Bensonhurst natives of a certain age can remember the days when the Mafia ruled the streets. Some of the most ruthless, revered gangsters in New York City’s history resided and conducted business in the neighborhood. Back then, social clubs dotted Bath Avenue — just south of 86th Street’s bustling shopping district — and wise guys were everywhere.
By the 1980s, then-United States Attorney Rudolph Giuliani started cracking down on organized crime, and the names of New York’s “Five Families” — Gambino, Genovese, Bonanno, Lucchese, and Colombo — were splashed across newspaper headlines as feds rounded them up.
While many of Bensonhurst’s mobsters are now dead or in jail, there are still whispers of the old social order. The Cosa Nostra has been fingered for having a role in everything from a ticket-fixing scandal at the NYPD’s 62nd Precinct in 2000, to a brawl over the pizza sauce at L&B Spumoni Gardens last year.
We’ve rounded up 10 of the neighborhood’s most notorious mobsters, including an alleged cop killer expected to get out of prison in five years, a drug trafficker who recruited Mob Wives reality star Angela “Big Ang” Raiola, and an FBI informant responsible for a cold-blooded Christmas murder on Bay 11th Street.
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Crime Family: Bonanno
Status: Life in prison
Pitera began his life as a quiet child who was bullied in school, but would turn out to be one of the most ruthless serial killers in history.
A life-long Bruce Lee enthusiast, the David A. Boody I.S. 228 grad began practicing martial arts, winning competitions, and studying karate in Tokyo under Hiroshi Masumi.
After returning to Brooklyn, he was recruited by the mob. The Bonnano family hit man was particularly ruthless and clinical in his killing technique, often torturing and dismembering his victims. Sometimes he’d collect victims’ jewelry or belongings as souvenirs, a practice typical of serial killers rather than mobsters. Police believe he is responsible for at least 60 murders.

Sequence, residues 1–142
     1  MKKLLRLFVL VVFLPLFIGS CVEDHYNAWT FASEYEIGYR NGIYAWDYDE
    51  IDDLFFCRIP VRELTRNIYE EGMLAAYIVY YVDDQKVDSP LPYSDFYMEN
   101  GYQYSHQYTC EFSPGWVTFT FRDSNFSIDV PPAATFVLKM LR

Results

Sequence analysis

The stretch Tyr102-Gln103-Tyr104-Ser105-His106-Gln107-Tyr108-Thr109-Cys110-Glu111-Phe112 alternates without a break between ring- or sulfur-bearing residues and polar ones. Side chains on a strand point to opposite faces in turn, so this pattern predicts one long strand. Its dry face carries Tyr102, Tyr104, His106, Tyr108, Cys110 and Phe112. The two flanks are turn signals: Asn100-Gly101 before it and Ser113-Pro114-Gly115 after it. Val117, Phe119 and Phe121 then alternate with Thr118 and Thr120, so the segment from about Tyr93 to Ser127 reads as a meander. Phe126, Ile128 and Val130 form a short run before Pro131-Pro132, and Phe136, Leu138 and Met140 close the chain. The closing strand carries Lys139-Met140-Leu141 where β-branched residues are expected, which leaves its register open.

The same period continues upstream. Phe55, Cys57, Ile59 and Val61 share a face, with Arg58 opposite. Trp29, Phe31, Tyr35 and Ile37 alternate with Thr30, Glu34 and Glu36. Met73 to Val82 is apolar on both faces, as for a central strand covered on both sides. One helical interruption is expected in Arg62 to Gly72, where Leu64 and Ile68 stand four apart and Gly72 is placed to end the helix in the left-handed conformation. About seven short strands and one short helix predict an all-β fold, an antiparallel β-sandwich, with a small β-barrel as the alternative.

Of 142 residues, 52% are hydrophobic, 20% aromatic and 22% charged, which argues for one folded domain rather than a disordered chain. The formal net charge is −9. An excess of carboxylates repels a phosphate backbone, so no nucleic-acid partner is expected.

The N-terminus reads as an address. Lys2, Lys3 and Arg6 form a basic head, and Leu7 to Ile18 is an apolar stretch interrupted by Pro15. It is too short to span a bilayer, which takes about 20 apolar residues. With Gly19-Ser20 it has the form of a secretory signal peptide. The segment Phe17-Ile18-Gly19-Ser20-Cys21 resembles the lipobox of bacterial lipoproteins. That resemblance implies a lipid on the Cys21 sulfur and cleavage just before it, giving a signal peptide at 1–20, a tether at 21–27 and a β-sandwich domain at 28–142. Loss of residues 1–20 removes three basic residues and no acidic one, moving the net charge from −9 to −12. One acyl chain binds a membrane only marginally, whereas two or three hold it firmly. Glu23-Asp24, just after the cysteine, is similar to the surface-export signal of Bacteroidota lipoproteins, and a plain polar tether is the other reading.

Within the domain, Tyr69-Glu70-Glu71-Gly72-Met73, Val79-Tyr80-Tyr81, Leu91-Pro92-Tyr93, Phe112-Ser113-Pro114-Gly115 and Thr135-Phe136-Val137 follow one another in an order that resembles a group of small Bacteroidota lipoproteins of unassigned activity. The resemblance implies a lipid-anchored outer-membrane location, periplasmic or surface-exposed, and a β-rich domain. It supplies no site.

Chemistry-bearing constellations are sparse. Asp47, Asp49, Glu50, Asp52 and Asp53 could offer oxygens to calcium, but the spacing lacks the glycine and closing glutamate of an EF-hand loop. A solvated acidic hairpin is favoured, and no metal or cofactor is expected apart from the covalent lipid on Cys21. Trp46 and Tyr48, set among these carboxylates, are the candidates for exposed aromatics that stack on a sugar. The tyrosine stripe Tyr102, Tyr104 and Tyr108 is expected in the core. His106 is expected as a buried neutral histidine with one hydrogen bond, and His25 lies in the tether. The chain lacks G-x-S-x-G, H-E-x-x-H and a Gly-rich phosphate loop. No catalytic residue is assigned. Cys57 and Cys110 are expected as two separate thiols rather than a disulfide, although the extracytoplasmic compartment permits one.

Sentenced in 1992 for six murders and his role in a massive drug operation, Pitera narrowly avoided the death penalty and is currently serving a life sentence at a federal penitentiary.
Fun Fact: Pitera had a high-pitched falsetto voice that one biographer compared to Michael Jackson’s.
2. Anthony “Old Man” Spero
Crime Family: Bonanno
A self proclaimed “bird lover,” Spero’s hobby was to race pigeons from a Bensonhurst rooftop, where he’d also hold his meetings. Meanwhile, his loyal henchmen, called the Bath Avenue crew, would congregate at a social club on the street below. Federal prosecutors suspected Spero of using the birds as a discreet way to deliver messages to his men.
A long-time Bonnano family boss, Spero made much of his money by selling stolen fireworks. Every July 4th, Spero would set up the most spectacular fireworks display on Bath Avenue, and create a feast that could easily feed “all of Bensonhurst.”
Spero was indicted on racketeering and murder charges in 1994, and in 2002, he was sentenced to life in prison for loansharking and his role in three more deaths, including that of Vincent Bickelman, a burglar who had robbed the mobster’s daughter; and Paul Gulino, a Bath Avenue crew member assigned by Spero to kill Bickelman, but instead accepted an assignment to kill Spero. Spero died in jail at age 79 in 2008.
3. Carmine “The Snake” Persico
Status: Life in prison
The 1993 third Columbo civil war raged between loyalists of this charismatic mob boss, and a rebellious Colombo faction aligned with Vittorio “Little Vic” Orena.
Persico was involved in bookmaking, loansharking, burglaries, and hijackings. He was arrested more than a dozen times but managed to avoid jail time. Persico soon started working with Joe Gallo and his brothers Albert and Lawrence, though he turned on them and tried to murder Larry Gallo. His betrayal earned him the name “The Snake.” He is rumored to be behind the In 1957 murder of crime boss Albert Anastasia, the former leader of Murder Inc.
In 1986, Persico was convicted of racketeering and sentenced to 39 years in prison in the Colombo Trial. He was also sentenced to 100 years in prison as part of the Commission Trial. The sentencing judge complimented Persico, who represented himself in the Commission Trial, calling him “one of the most intelligent people I have ever seen in my life.”